While waiting for Karst to respond, I'll also give you what I can. The green apple smell can come from a variety of components. Acetaldehyde is one which is produced by the yeast during fermentation, and which is then converted into alcohol. Oxidation (and some spoilage organisms) can lead to conversion of alcohol back to acetaldehyde which can produce the apple aroma, but usually also has some of the nutty, sherry-like aroma. This would generally be considered a flaw in most beers and wines (Madeiras and Sherry being exceptions). One can bind the acetaldehyde readily with a little sulfite to clear it, and take steps to protect the mead from oxygen.

In addition to acetaldehyde, there are a variety of esters that can give and apple aroma including hexyl acetate, ethyl octanoate, fructone, methyl butanoate, and pentyl pentanoate among others. Ester production in yeast depends on many factors including the strain, the temperature, fermentation conditions (gravity, oxygenation, etc.)the availability of medium chain fatty acid precursors, and the activity of various genes which have been identified, and which are being studied. These compounds, rather than being a flaw, contribute greatly to the pleasing aroma of a wine or mead, and thus all the study.

So to me, having some apple aroma that doesn't have the oxidized nature of sherry in a mead is just fine and actually makes for a very pleasing aroma. On the other hand, if you are developing oxidation, you should act quickly to rectify the problem.

I hope that helps.

Medsen

Robintun
03-31-2009, 07:53 PM
Thanks for those explanations. I do not believe that is the type of apple odor I am smelling. It is not at all the green apple smell or taste and is quite pleasing to me. I used to like to go in the closed room I had them in while they were fermenting because it made the hole room smell tasty.

I also stopped at my brew supplier today and mentioned the cloudy high gravity mead and he said the same thing you all have. He did suggest using "Super-Kleer K.C." if it still is not clearing a month or so after fermentation is complete. Was only $3 so I bought it just in case. He also said it is possible if it stays at a high SG it may never clear just because it is "thicker".

Medsen Fey
03-31-2009, 08:04 PM
For clearing the mead, the best remedy is time (perhaps at a cold temperature). Even very sweet meads will clear, but it may take more than 6 months to do so. You can use various fining agents or filtration if you are in a hurry, but with mead making, it never pays to be in a hurry.

wayneb
03-31-2009, 10:51 PM
One thing to keep in mind about Super Kleer, is that it contains chitosan as one of the active ingredients. Chitosan is a protein refined from shellfish. It essentially binds to some of the agents that cause haze, and then precipitates to the bottom of the carboy allowing you to rack the clear mead off of the top. However, some folks are extremely allergic to shellfish and although I have not heard of a single case where Super Kleer caused an allergic reaction, some folks refrain from using it - to be absolutely safe.

I agree wholeheartedly with Medsen. All meads clear with time, but sometimes the amount of time is measured in significant fractions of a year. Patience is a meadmaker's best trait. :)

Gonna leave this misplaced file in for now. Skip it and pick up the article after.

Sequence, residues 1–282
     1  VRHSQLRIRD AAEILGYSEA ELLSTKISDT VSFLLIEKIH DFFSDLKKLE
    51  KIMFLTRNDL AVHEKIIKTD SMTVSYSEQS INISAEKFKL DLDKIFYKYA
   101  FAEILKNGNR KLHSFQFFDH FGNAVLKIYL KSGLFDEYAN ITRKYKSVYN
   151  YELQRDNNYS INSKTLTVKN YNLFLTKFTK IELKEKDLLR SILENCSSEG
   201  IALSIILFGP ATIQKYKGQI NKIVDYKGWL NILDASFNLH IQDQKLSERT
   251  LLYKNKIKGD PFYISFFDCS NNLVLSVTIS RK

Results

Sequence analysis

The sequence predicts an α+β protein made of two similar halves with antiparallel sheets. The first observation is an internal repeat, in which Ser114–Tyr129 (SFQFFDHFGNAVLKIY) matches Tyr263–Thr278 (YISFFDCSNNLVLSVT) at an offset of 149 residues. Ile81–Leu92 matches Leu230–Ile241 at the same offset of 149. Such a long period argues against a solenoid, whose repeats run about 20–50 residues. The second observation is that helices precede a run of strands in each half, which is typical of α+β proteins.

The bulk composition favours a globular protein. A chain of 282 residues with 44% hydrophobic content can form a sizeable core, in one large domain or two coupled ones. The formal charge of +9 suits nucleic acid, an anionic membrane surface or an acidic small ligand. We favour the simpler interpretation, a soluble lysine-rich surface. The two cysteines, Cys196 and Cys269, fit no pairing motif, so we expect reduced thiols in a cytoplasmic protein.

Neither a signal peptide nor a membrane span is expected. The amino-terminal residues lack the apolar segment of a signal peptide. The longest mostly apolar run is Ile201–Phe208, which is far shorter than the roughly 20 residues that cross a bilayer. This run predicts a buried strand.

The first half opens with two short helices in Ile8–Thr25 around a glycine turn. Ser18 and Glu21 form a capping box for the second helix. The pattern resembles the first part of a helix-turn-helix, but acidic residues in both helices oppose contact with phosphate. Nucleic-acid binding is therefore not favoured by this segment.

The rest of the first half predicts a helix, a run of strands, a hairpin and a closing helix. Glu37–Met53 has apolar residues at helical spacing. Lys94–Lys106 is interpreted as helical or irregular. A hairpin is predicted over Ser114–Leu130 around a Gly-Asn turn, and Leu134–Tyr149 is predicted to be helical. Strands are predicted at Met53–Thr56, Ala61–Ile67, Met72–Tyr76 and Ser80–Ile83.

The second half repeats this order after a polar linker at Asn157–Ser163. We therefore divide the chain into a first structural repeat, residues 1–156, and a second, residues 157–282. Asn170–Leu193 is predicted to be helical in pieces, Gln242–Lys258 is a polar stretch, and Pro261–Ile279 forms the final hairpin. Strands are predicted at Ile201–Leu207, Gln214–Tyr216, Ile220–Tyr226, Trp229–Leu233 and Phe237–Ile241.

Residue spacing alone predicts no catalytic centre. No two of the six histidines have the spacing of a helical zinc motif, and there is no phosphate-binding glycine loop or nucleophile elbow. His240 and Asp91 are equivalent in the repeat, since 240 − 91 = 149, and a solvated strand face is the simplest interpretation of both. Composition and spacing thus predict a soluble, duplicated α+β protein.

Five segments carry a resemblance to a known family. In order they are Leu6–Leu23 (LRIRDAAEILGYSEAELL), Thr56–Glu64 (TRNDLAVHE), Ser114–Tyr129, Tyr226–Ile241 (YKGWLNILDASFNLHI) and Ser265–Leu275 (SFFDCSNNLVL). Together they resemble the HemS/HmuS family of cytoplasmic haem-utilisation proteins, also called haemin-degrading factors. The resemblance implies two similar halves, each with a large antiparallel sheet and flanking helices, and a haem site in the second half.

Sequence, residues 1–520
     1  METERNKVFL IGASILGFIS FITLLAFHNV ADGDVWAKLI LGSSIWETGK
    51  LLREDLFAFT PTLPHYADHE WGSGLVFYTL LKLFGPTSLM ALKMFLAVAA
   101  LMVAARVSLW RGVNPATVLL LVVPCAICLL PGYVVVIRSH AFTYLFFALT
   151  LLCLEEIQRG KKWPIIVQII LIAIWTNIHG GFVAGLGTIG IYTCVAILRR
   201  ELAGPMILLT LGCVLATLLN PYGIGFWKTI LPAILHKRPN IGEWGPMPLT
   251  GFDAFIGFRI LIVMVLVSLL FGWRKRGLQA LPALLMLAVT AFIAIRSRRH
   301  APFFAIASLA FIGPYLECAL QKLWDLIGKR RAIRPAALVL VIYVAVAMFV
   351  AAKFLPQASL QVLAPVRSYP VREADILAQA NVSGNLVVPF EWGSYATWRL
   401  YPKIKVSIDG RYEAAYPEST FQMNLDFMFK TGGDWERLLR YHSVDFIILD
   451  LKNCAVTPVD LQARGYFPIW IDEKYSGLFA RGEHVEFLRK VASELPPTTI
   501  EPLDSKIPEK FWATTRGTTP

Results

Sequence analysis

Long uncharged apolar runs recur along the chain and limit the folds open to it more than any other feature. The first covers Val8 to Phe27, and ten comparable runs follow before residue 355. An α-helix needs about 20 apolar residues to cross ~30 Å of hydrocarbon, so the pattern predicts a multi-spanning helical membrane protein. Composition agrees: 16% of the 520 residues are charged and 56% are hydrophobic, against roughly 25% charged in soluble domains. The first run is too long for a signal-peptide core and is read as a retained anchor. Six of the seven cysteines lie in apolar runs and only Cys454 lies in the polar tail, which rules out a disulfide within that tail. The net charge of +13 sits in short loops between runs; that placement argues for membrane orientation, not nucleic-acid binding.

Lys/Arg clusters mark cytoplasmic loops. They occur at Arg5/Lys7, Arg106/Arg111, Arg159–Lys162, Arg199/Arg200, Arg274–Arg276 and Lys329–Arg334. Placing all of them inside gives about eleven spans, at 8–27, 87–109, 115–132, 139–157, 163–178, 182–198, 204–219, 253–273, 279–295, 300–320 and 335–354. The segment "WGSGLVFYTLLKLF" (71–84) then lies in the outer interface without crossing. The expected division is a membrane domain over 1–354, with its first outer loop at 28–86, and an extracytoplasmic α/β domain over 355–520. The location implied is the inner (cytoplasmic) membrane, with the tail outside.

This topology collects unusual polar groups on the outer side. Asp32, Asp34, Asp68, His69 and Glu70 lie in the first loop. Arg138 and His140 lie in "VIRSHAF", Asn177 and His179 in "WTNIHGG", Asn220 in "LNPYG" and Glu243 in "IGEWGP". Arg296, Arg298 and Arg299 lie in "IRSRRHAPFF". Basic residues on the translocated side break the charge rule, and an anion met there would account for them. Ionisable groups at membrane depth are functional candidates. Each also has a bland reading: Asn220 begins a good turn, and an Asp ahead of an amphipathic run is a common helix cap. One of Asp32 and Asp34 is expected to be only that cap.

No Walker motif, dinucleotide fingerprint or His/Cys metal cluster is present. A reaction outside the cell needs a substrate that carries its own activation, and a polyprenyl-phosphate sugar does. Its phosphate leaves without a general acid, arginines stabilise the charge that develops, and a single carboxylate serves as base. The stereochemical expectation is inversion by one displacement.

Robintun
03-31-2009, 11:09 PM
I agree wholeheartedly with Medsen. All meads clear with time, but sometimes the amount of time is measured in significant fractions of a year. Patience is a meadmaker's best trait. :)

Ah yes, and this is why I eventually took up brewing beer too ;). But now that you have confirmed that even this mead will clear with time, I am more interested in just waiting. I was under the impression that some meads had things like pectin in them that absolutely would not clear without assistance. This is the only reason I have used the pectic enzyme in the blueberry mead at the advice of some here. I would not even use the Superferment except that every source I have read insists some additive must be used in making mead or it will turn out poorly. I can not even use Campden Tablets due to the allergies some of my family members have, so thank you for cluing me into that issue about Super Kleer. Overly cautious it may be as you said, but better to be safe than sorry. And what is a few extra months anyway, since it will just force me to let it age longer. As it already tastes good at just 4 months, forcing my patients is probably a good thing in this instance.

wayneb
04-01-2009, 10:29 AM
Yes, pectins are the most persistent source of haze in a finished melomel but with enough time even they will eventually decompose and the mead becomes clearer. That, however, can literally take years. I made many cysers back in my early meadmaking days without using pectic enzymes and we routinely drank them hazy -- figuring that they would always stay that way. Well, about 12 years after I bottled one particular batch I found a bottle of it that I'd squirreled away and forgotten about. When I poured a glass, the liquid was clear and bright as a gemstone.

I'm not advocating that anyone PLAN to be that patient -- pectinase is a miracle-worker for high pectin fruits -- but I do know that time eventually clears (almost) all meads! ;D

Medsen Fey
04-01-2009, 10:58 AM
but I do know that time eventually clears (almost) all meads! ;D

While I try to practice patience, mine usually runs out after 9-12 months. If it hasn't cleared by then, I start fining/filtering.

And when using fruits, pectinase is definitely a good idea. I was even reading in Acton & Duncan's book, "Progressive Winemaking" (Thanks again, Brimminghorn) that they recommend using it even when fruits have not been heated. The reason being is that pectins, even without being set with heat, may act as a protective colloid to keep more particles in suspension. Removing the pectins with enzymes may prevent that from occurring.

Good Mazing!
Medsen